What has disappeared is the rage. In recent years, I've realized that raging at others means continuing to wallow in pain myself. I was hindering myself from moving on. I also felt that clinging onto the grudge was almost like I was feeding immaturity in some sense. Someone asked me years after the incident what would I do if I saw her again, and joked about how terrified she should be. I answered that I would speak to them professionally. For me, I'm not sure if I would call it forgiveness. But I will call it maturity, and understanding that there is a bigger picture.

-- Anonymous 


Day 8: April 17, 2017

[This one is a throw-back from 2014]

Forgiveness: its power to heal

When I was 5, my dad, driving home one day, inadvertently and most regrettably, struck and killed another 5-year-old girl from our rural community. As a thick blanket of despair descended on our home, I came to believe that I was the one who should have died, since it was my dad whose actions, while unintentional, had ended this life. A sense of being unworthy to live hung, dark and muttering, in my psyche well into adulthood. I was somehow guilty of the removal of joy from the lives of many who had loved the dead girl. Understandably, there was no apparent forgiveness emanating from her family. My dad, with whom I was very close, died at a relatively young age, his life shortened by this grief.

As I approached mid-life, I generated the courage to lift this ancient burden to the light. As if guided by unseen hands, an unrelated event brought me into the presence of the dead girl's mother, whom I had never before seen. As soon as I realized who she was, I knew I needed to speak with her.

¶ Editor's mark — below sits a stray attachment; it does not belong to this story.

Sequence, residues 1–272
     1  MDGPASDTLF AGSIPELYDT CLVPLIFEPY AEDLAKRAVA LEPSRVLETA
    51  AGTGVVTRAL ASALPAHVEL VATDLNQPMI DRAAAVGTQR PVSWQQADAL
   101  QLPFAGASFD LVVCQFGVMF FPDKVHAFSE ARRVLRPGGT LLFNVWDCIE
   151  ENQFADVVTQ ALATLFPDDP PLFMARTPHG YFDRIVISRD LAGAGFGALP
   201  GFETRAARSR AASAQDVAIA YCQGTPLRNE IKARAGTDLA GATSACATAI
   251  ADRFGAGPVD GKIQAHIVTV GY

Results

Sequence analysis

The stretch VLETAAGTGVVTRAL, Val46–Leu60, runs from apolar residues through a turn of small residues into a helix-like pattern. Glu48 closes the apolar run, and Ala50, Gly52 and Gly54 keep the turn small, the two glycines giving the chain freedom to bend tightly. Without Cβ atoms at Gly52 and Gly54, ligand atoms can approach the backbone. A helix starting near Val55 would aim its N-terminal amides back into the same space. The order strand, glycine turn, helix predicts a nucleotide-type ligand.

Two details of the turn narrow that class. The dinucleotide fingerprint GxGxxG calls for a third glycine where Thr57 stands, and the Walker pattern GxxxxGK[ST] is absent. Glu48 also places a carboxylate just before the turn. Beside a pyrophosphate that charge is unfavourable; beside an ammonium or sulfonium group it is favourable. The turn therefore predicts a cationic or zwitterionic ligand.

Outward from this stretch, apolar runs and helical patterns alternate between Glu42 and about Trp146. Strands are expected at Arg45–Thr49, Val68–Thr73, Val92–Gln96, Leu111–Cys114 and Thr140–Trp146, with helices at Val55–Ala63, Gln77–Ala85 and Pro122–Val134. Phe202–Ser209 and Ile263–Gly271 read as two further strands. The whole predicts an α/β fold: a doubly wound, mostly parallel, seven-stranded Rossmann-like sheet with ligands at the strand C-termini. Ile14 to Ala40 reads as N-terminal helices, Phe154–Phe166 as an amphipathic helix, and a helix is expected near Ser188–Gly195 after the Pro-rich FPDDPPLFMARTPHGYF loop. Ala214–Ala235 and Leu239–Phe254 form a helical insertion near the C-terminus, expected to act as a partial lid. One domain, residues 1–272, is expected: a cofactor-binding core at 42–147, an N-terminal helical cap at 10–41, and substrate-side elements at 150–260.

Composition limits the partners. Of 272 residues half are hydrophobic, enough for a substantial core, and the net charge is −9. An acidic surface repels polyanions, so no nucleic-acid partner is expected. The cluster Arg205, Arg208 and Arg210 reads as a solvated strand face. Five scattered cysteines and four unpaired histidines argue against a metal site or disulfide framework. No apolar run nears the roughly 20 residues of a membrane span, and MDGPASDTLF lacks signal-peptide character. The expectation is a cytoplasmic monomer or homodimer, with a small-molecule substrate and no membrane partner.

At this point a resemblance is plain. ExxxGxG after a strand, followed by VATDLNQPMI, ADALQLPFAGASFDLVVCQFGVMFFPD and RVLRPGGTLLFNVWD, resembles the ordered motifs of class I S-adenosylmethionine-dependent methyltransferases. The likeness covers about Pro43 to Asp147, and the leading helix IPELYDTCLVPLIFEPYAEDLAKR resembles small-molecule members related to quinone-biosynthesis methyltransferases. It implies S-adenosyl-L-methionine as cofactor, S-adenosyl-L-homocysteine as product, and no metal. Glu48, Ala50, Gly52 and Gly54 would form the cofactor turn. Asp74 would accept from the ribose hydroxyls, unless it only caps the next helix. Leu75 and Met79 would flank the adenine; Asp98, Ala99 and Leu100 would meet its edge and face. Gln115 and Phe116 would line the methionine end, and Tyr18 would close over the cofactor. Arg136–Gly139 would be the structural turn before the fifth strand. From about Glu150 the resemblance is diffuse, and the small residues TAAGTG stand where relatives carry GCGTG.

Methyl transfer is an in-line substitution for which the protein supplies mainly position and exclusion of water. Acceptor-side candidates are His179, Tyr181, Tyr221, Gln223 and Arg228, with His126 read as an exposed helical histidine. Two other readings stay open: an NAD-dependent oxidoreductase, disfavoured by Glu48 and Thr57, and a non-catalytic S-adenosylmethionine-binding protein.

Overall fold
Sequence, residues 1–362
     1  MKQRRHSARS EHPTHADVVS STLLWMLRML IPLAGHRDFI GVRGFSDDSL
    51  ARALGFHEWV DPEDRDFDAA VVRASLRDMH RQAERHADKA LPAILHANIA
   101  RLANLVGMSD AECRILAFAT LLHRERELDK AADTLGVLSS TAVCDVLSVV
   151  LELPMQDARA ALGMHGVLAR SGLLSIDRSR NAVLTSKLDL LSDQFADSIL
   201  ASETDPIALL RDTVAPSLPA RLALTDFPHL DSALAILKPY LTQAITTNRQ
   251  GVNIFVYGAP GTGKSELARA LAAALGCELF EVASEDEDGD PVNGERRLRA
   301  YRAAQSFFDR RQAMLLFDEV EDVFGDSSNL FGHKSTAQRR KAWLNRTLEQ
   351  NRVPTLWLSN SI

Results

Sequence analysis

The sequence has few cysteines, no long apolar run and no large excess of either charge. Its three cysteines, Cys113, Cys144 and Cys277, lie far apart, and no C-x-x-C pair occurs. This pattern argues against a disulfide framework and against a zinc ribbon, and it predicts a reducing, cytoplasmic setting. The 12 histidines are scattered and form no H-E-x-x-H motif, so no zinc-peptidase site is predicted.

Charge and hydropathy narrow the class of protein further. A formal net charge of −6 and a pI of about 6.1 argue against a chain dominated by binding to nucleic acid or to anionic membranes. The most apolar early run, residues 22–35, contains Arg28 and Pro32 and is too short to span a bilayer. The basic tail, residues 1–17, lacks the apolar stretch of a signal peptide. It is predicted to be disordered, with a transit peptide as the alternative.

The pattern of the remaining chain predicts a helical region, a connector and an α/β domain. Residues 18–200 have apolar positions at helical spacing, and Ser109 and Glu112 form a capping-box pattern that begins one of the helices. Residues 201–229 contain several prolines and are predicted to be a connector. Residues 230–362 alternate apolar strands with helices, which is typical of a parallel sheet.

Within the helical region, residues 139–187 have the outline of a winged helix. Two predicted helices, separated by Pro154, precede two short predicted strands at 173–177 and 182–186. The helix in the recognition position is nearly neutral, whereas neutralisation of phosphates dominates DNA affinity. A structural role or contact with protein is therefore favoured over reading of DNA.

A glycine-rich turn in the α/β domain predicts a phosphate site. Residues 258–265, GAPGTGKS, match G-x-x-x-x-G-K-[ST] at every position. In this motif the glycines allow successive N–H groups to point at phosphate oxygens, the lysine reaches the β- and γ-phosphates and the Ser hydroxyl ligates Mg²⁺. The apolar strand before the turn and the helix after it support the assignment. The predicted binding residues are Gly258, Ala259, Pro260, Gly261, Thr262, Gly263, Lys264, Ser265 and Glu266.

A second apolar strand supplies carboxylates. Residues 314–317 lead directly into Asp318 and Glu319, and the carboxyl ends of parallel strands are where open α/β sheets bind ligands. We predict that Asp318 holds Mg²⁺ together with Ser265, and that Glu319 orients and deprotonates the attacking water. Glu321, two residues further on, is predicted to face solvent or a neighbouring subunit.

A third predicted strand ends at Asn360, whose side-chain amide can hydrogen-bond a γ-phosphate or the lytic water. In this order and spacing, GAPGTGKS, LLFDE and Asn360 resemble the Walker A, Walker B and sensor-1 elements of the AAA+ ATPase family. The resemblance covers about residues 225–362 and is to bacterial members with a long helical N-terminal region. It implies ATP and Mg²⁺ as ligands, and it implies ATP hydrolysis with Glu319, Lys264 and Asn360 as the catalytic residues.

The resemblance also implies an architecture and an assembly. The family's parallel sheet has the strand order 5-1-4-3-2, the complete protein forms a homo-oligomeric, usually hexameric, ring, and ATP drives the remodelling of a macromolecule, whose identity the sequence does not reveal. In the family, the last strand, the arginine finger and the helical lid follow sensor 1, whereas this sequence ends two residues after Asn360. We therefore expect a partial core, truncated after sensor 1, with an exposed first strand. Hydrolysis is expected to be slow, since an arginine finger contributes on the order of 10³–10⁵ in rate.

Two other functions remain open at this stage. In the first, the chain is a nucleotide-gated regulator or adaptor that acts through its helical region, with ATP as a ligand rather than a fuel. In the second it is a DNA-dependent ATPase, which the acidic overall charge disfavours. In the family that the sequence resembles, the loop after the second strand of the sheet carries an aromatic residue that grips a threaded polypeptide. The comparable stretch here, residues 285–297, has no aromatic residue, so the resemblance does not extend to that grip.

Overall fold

Before I spoke, she had guessed my topic. I reflected that our families had a history together, that I was deeply sorry for the pain that had come to her family, and that my dad had struggled with this for the rest of his life. Her words, “Oh, that was forgiven long ago,” were what, all those years, I had needed to hear.

-- Submitted by M H


Day 9: April 18, 2017

I have forgiven her for leaving me. I will never forgive mental illness for taking her.

-- Anonymous


Day 10: April 19, 2017

Credit: Rudy Francisco, renowned spoken word poet

Credit: Rudy Francisco, renowned spoken word poet


Day 11: April 20, 2017

Lies. Festering. 
Crawling out of people's mouths. 
Meant to hurt and ruin. 
Trusting dishonest people. 
Overruling the innocents. 
Crushing and I fall. 
I'm crumbled and broken,
Over something I haven't done.

-- Anonymous


Day 12: April 21, 2017

[This is a throwback from 2014]

Her.

She was abusive and crazy, my biological mother.
Every physical or psychological terror she inflicted, she did so without hesitation or remorse. She was/is mentally ill.
She always professed to love me. That of me and my two other siblings, I was the “good” one. She also told me she should have flushed me down the toilet. 
I left home when I was 17 and had been estranged from her for 15 years when I heard last Christmas she had a brain tumor. 
I knew I’d have to decide whether that warranted me re-opening that door. 
I didn't want to. 
My step-mother urged me to meet with her – in case she died, so I wouldn't regret it. 
We met for lunch, chaperoned by my cousin and my older sister. 
It was numbing and I wanted a shower afterwards. The tumor was apparently pressing on her brain, making her spacey and tangential. She was straining to curb her vitriol, punctuated with nervous, manic laughter. She was trying to act loving and like no time had passed. I recall her smiling at me through now cataract-glazed eyes, in no way in touch with reality. I looked at my hands for the most part while my sister did the talking. 
She survived her brain tumor. But I won’t see her again before she dies. 
Sure I forgive her. The thought of her makes me sick, but I forgive her. She’s mentally unstable. She could have been no other way. What remains more important is that I forgive myself for how I survived the trauma of my childhood.